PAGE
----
As I said in a previous post, online learning has distinct advantages and disadvantages. In my opinion, the advantages far outweigh the counter (in more ways than my initial outline) but it’s well worth looking at the disadvantages which are equally as important.
Initially, parents and kids should be confident the tutor teaching them is who they say they are. Checking the credentials of any tutor isn’t easy, let alone when they are sat at a computer on the other side of the world. The web has the power to transcend the boundaries of distance, but the inevitable price is reliability. After all, what do you do when your online tutoring session terminates through some gremlin in the wires? What happens to the payment? If ever there was a surefire way to let the teachable moment slip away it’s through a build up of little frustrations like these.
Just before you continue, if you are still wondering if online learning really works, you may want to see positive proof that online learning works.
Then there’s the temptation thing. Plonking a kid in front of a computer, sticking them in an online session and leaving them too it is all well and good, but they’re not stupid; they all know how open a new tab, launch a search engine and sail off into the World Wide Wonder.
What it all comes down to is the effectiveness of learning. Rolling it back to the earliest years of humanity I think it’s generally accepted that visual and verbal hints are the cornerstone of human learning and thus progression. There’s no reason why this should be any different in academia today – kids in classrooms play off every expression, every inflection, every impassioned speech the teacher has to offer. It’s something that simply can’t be matched in an online tutoring session.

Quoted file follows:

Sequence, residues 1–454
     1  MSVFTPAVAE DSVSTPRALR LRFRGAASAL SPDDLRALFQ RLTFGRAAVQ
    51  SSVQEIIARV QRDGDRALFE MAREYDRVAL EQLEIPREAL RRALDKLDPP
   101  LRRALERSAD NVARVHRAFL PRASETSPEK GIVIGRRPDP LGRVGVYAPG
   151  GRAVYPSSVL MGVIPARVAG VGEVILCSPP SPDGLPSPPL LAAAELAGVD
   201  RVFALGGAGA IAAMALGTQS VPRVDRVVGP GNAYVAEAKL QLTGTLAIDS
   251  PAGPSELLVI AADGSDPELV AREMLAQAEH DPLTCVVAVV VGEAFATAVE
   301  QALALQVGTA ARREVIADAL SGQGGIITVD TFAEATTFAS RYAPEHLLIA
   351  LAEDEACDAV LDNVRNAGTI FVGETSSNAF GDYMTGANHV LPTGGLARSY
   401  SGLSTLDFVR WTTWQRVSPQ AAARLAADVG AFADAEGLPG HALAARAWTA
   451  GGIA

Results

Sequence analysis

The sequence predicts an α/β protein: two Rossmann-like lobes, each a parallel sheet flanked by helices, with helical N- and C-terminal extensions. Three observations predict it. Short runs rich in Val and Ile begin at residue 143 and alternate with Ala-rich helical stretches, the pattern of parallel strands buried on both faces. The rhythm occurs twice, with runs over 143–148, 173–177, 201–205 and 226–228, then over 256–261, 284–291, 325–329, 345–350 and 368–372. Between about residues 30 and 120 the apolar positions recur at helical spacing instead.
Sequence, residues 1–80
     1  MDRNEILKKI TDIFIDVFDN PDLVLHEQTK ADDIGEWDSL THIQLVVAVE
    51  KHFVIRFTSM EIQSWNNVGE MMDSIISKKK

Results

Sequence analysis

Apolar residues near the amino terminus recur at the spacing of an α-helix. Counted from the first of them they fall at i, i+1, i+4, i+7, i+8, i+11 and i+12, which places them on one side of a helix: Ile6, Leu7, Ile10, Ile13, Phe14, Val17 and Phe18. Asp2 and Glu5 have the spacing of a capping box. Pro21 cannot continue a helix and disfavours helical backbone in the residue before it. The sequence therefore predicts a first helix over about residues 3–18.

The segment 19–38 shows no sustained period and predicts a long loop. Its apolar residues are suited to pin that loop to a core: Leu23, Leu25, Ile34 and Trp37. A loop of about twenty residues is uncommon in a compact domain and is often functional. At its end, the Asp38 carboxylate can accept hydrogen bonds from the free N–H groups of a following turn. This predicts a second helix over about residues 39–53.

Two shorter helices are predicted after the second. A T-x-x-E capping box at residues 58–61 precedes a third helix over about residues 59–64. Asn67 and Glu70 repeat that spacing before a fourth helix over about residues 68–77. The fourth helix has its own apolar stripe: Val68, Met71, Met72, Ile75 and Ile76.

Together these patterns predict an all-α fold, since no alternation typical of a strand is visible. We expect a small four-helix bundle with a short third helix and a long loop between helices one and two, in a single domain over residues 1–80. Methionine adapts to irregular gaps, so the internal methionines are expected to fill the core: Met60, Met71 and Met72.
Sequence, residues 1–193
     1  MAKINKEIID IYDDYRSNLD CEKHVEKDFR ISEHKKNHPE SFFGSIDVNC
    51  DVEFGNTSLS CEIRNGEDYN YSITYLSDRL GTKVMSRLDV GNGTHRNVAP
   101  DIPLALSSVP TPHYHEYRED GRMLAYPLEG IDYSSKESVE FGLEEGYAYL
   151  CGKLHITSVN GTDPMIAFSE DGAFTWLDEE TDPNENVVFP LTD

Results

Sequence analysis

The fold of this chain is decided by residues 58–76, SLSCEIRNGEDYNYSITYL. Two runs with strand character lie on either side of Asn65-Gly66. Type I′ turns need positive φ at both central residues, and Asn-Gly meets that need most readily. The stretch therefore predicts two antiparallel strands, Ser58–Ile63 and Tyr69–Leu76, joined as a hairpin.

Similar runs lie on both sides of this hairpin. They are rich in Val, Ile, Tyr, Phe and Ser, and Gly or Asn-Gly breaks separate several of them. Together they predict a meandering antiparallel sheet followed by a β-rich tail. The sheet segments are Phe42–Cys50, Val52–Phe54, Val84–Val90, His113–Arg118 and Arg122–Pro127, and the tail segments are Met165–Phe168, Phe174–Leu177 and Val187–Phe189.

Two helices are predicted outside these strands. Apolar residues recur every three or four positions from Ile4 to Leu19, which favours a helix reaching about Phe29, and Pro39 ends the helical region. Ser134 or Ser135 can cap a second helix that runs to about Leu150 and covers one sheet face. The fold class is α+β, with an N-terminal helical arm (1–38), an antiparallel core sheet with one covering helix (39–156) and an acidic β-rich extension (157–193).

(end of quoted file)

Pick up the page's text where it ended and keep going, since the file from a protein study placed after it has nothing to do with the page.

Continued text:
See why online is trending in the UK here.
But hang on, sometimes there’s big difference. People who enrol in distance learning courses or log on for some extra tuition do so generally under their own steam. They have chosen to do so. In this way you could say that their desire to learn is heightened by their motivation to go the extra mile and instigate learning sessions. The child in the classroom will often feel they are there under duress (god knows I did) and teaching people who feel like they’re being force-fed knowledge is always likely to be more difficult.
Of course kids need the structure of schooling in their lives, but a natural rebellion against the shackles of institution will always have some impact on learning. I guess what I’m saying is that people who choose online tutoring are often already instilled with the teachable moment, the willingness to learn.
But look – most online tutoring websites are there to supplement the clearly superior classroom based lessons. They are there to help you understand, to fill gaps, to give you a leg up on the competition – they are there to be used in which ever way you want. Online tutoring was never meant as a challenge the classroom, more so to pick up the pieces when things don’t go to plan.
Need to see more benefits? Here is what researches say!